Soviet Space Program
8/5/1941 - 6/14/2010
First Flight: 11/27/1980
Last Flight: 3/13/1986
Leonid Denisovich Kizim (Кизим Леонид Денисович) (August 5, 1941 – June 14, 2010) was a Soviet cosmonaut.
He was selected as a cosmonaut on October 23, 1965. Kizim flew as Commander on Soyuz T-3, Soyuz T-10 and Soyuz T-15, and also served as backup commander for Soyuz T-2. All together he spent 374 days 17 hours 56 minutes in space. On Soyuz T-15, he was part of the only crew to visit two space stations on one spaceflight (Mir and Salyut 7).
First Flight: 2/8/1984
Last Flight: 3/13/1986
Vladimir Alekseyevich Solovyov (Russian: Влади́мир Алексе́евич Соловьёв; born 11 November 1946) is a former Soviet cosmonaut.
He was selected as a cosmonaut on 1 December 1978 and flew as Flight Engineer on Soyuz T-10 and Soyuz T-15, spending a total of 361 days, 22 hours, 49 minutes in space. His first flight, Soyuz T-10, took off on 8 February 1984, to join Salyut 7. The crew spent ten months (nearly 237 days) performing numerous medical and space manufacturing experiments. They came down aboard Soyuz T-11 on 2 October 1984. Solovyov's second flight was aboard Soyuz T-15, taking off on 13 March 1986 and coming back aboard the same craft on 16 July 1986, 125 days later. During the T-15 mission, the crew transferred equipment from Salyut-7 to the new Mir space station; they were the last aboard the former and the first aboard the latter.
Type: Human Exploration
Soyuz T-15 was the last mission to visit the Salyut 7 space station and the first to visit the Mir space station. The mission began on March 13, 1986, 12:33:09 UTC, launching Commander Leonid Kizim and Flight Engineer Volodimir Solovyov into orbit. They docked with Mir two days later. During their stay there, crew tested station’s systems and were visited by two Progress cargo spacecrafts. On May 5, 1986, 12:12:09 UTC crew undocked from Mir and docked with Salyut the next day. There they collected experiments results, instruments and performed two EVAs. On June 25 crew undocked from Salyut 7 and returned to Mir the next day.
The mission concluded with a safe landing back on Earth on July 16, 1986, 12:34:05 UTC.
Baikonur Cosmodrome, Republic of Kazakhstan
1536 rockets have launched from Baikonur Cosmodrome, Republic of Kazakhstan.
Soyuz-U2 – Soviet Space Program
Length: 34.54 m
Diameter: 2.95 m
Launch Mass: 298 T
Low Earth Orbit Capacity: 7050 kg
The Soyuz-U2 was manufactured by Soviet Space Program with the first launch on 1982-12-23. Soyuz-U2 has 71 successful launches and 0 failed launches with a total of 71 launches. The Soyuz-U2 was a Soviet, later Russian, carrier rocket. It was derived from the Soyuz-U, and a member of the R-7 family of rockets. It featured increased performance compared with the baseline Soyuz-U, due to the use of syntin propellant, as opposed to RP-1 paraffin, used on the Soyuz-U.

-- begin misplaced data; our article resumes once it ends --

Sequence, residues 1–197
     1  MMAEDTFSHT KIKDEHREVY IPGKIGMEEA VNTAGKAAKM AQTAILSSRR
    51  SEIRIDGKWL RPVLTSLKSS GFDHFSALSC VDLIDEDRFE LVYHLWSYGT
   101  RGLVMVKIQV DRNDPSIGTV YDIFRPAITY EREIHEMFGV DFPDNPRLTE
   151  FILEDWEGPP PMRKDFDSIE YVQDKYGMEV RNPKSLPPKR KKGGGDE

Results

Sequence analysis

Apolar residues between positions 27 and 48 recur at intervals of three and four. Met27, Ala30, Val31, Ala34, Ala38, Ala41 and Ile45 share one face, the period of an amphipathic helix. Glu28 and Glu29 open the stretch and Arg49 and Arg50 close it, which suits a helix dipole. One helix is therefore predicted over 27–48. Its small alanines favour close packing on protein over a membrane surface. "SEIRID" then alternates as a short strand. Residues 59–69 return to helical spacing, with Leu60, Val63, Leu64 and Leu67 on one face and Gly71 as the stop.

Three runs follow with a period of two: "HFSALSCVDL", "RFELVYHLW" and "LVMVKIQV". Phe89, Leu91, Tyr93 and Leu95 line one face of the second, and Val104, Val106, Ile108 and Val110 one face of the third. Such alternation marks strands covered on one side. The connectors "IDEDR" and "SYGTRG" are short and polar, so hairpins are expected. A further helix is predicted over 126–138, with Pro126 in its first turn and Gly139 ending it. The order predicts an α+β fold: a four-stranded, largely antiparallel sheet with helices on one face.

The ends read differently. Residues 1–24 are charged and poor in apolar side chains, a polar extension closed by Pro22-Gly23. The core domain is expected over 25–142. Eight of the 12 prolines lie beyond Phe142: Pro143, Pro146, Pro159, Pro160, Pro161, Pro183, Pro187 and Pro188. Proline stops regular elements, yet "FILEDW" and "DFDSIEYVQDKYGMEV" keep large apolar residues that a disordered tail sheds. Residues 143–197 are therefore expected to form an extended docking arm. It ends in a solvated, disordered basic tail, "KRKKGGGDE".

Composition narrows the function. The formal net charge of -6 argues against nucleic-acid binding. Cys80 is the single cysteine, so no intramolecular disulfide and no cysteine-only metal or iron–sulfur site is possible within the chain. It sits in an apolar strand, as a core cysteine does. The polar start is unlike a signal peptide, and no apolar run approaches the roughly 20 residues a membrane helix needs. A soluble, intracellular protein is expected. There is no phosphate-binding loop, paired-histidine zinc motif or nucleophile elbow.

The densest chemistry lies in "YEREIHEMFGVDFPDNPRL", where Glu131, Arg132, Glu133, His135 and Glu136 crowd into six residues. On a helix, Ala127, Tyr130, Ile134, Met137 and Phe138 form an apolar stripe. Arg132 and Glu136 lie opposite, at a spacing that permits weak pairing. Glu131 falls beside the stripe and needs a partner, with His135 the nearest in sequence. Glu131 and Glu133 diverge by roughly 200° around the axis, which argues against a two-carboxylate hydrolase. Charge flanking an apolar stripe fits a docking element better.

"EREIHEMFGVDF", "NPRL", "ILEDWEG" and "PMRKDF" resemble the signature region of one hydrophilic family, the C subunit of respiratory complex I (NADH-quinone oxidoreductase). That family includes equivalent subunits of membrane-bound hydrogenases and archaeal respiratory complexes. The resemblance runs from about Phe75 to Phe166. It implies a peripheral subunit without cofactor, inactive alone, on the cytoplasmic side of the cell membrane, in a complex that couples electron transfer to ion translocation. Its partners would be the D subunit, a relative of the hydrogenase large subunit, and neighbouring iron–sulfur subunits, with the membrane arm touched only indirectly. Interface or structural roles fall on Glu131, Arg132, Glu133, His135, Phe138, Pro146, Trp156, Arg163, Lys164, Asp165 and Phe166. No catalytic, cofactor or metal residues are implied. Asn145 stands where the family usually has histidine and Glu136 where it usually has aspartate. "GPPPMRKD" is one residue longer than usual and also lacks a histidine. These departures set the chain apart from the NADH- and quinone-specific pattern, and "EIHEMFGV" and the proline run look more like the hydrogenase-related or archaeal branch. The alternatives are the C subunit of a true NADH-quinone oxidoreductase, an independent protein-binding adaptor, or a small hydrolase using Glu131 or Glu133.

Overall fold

Soviet Space Program
The Soviet space program, was the national space program of the Union of Soviet Socialist Republics (USSR) actived from 1930s until disintegration of the Soviet Union in 1991.
The Soviet Union’s space program was mainly based on the cosmonautic exploration of space and the development of the expandable launch vehicles, which had been split between many design bureaus competing against each other. Over its 60-years of history, the Russian program was responsible for a number of pioneering feats and accomplishments in the human space flight, including the first intercontinental ballistic missile (R-7), first satellite (Sputnik 1), first animal in Earth orbit (the dog Laika on Sputnik 2), first human in space and Earth orbit (cosmonaut Yuri Gagarin on Vostok 1), first woman in space and Earth orbit (cosmonaut Valentina Tereshkova on Vostok 6), first spacewalk (cosmonaut Alexei Leonov on Voskhod 2), first Moon impact (Luna 2), first image of the far side of the Moon (Luna 3) and unmanned lunar soft landing (Luna 9), first space rover (Lunokhod 1), first sample of lunar soil automatically extracted and brought to Earth (Luna 16), and first space station (Salyut 1). Further notable records included the first interplanetary probes: Venera 1 and Mars 1 to fly by Venus and Mars, respectively, Venera 3 and Mars 2 to impact the respective planet surface, and Venera 7 and Mars 3 to make soft landings on these planets.